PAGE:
My book-buying "problem"

Discussion in 'Books, Films, TV, Radio' started by Chris C, Jul 6, 2018.

  1. bamboo43

    bamboo43 Very Senior Member

    Hi Martin,

    I'm very biased with this one because BTW is all about my grandfather's column in 1943, but if you are going to read both, then you need to read BTW first as it leads into WGE chronologically.
     
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  2. Wobbler

    Wobbler Well-Known Member

    Nothing wrong with a bit of bias Steve, I’m much the same finding books related to my grandad’s Regiment and Division. I hope they will tell me more about what he went through as I never spoke with him much about it. How I wish I had when I had the chance, assuming he would have wanted to, of course.

    Thanks for that advice, I’ve found a nice copy (love that 3/6, happy days) and it felt churlish not to pick up “Return to Burma” at the same time. My wife’s gonna kill me!

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  3. bamboo43

    bamboo43 Very Senior Member

    Return to Burma is a lovely book. Like I say, I'm biased. I think we all wish we had our loved ones back for a moment to ask all these questions. But, I always say to relatives who contact me, We start our research journeys when we do, because that is when our past becomes relevant to us and our lives. So we should never feel guilty or frustrated that we didn't ask our loved ones at the time.

    Just my view mate.
     
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  4. Wobbler

    Wobbler Well-Known Member

    And a very well put one too, may I say.
     
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  5. Robert-w

    Robert-w Well-Known Member

    Especially since so many may not have wanted to be asked/reminded at the time
     
  6. Chris C

    Chris C Canadian researcher

    Today I got back from my "isolated writing in the park" time and received a package which contained "The Battle of the Peaks and Longstop Hill" and "The Piper of Tobruk". (The latter is a pretty small book - I didn't realize that!.) I thought to myself "I've received all the books I had on order, haven't really gotten into them, so I can stop buying books.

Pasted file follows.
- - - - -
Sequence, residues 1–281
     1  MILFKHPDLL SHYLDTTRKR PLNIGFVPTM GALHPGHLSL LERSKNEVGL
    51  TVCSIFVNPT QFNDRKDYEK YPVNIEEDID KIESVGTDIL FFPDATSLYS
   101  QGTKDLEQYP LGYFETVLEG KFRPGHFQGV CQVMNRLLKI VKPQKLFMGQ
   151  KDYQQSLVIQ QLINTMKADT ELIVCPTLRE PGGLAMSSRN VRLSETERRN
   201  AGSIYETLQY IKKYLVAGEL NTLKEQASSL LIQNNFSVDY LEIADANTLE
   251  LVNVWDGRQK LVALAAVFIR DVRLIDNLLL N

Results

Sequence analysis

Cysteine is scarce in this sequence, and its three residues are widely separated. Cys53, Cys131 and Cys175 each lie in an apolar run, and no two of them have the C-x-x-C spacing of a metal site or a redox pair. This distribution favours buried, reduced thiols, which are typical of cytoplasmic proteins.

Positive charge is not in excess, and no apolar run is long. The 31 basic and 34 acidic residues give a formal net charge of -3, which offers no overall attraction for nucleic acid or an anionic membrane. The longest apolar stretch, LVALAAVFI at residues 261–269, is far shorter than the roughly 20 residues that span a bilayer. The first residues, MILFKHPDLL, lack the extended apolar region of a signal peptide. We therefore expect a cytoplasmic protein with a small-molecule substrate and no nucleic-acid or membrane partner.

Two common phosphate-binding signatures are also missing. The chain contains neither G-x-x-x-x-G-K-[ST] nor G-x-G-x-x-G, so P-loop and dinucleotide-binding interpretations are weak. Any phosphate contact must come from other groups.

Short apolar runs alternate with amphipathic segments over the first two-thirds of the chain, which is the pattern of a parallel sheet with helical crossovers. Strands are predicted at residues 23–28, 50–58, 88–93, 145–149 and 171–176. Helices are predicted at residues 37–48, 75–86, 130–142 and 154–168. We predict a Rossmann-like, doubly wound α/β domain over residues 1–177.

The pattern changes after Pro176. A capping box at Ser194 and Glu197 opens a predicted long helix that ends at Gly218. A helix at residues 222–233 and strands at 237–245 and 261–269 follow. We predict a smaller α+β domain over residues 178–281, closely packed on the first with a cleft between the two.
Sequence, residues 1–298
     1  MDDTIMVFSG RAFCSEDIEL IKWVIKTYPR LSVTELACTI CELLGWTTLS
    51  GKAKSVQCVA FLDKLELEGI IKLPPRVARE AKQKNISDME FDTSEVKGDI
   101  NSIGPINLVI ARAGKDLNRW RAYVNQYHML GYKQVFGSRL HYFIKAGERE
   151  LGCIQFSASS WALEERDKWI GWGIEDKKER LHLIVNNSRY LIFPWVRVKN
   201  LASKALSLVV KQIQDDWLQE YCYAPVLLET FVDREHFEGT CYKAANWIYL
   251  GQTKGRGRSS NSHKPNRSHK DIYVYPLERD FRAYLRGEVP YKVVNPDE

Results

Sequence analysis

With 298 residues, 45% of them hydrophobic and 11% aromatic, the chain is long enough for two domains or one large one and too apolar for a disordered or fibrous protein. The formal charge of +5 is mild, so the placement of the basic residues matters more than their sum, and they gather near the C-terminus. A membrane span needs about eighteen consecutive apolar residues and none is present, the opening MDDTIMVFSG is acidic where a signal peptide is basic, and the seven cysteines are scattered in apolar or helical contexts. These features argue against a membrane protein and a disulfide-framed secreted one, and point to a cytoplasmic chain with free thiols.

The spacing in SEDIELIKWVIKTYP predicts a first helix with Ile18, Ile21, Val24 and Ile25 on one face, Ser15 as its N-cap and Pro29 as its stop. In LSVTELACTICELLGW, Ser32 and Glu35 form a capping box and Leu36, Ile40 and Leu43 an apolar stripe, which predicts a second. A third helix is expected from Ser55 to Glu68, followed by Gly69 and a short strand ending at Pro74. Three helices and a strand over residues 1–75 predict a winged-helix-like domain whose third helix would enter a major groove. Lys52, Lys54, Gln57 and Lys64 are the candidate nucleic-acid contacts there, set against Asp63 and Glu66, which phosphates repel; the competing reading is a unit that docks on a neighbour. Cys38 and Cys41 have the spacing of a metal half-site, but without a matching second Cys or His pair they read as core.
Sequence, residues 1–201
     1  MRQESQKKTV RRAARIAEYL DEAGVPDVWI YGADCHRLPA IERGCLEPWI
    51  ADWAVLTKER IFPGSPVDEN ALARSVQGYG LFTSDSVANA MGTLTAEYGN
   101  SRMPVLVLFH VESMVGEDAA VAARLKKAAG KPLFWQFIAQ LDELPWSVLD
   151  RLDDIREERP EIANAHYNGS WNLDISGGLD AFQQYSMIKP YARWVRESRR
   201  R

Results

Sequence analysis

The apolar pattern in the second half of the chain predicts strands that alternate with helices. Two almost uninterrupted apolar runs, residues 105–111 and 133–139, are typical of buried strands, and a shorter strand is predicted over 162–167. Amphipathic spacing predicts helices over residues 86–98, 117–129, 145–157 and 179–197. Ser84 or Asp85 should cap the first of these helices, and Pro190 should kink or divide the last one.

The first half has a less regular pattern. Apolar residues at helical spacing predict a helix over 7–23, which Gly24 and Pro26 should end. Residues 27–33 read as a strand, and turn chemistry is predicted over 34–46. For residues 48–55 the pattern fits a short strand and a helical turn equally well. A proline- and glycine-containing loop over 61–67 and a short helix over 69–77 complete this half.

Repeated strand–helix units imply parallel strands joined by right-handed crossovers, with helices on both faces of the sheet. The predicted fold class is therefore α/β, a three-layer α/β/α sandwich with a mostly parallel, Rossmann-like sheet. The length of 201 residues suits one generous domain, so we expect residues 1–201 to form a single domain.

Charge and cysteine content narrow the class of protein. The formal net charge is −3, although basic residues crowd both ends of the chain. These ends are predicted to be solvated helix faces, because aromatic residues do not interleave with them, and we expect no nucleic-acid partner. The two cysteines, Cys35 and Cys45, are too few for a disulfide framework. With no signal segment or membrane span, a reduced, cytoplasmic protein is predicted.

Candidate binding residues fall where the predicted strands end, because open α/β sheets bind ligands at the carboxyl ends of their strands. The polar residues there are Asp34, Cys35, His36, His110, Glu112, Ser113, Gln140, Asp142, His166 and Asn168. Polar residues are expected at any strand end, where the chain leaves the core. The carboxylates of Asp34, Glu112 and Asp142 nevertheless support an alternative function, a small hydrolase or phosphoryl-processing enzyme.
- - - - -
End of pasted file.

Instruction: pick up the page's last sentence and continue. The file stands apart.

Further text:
Half an hour hour later I check abebooks for the price of used copies of "Topography is Fate" (see the other thread) and found one used in Germany for a very good price and immediately bought it.
     
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  7. Charley Fortnum

    Charley Fortnum Dreaming of Red Eagles

    What does Return to Burma cover?

    Is it Fergusson returning post-war?
     
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  8. bamboo43

    bamboo43 Very Senior Member

    Yes CF, exactly that. He and his wife go back in about 1960/61 if I remember correctly. He gets to meet up with several of his former Burmese comrades and finds some of them now opposing each other as the country breaks up after independence.
     
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  9. Orwell1984

    Orwell1984 Senior Member

    Some recent arrivals:
    [​IMG] [​IMG] [​IMG] [​IMG] [​IMG] [​IMG]

    Nice little grab bag of assorted topics. Focus is not my strong point.
     
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  10. von Poop

    von Poop Adaministrator Admin

    Been into town.
    Couldn't not buy something other than booze & Toolstation stuff, soooo.

    IMG_20200627_163021305_HDR~2_copy_575x935.jpg

    Not sure either is going to bring much new to the party, but good illustrations & preservation photos. Got an odd urge to scratch build an 88 in wood, so may be handy. (This urge will likely pass :unsure: :rolleyes: )
    Bruce Crompton hasn't half got some lovely stuff...

    The only truly significant thing here is, I've been into town!

    (Orwell1984 - I've got that supply book to review, but currently on the First War volume. Didn't know what to expect, but it's certainly dense with credibly referenced statistics.)
     
  11. von Poop

    von Poop Adaministrator Admin

    Gone a bit more grown-up & finally got around to ordering this, by a certain local machine gun obsessive.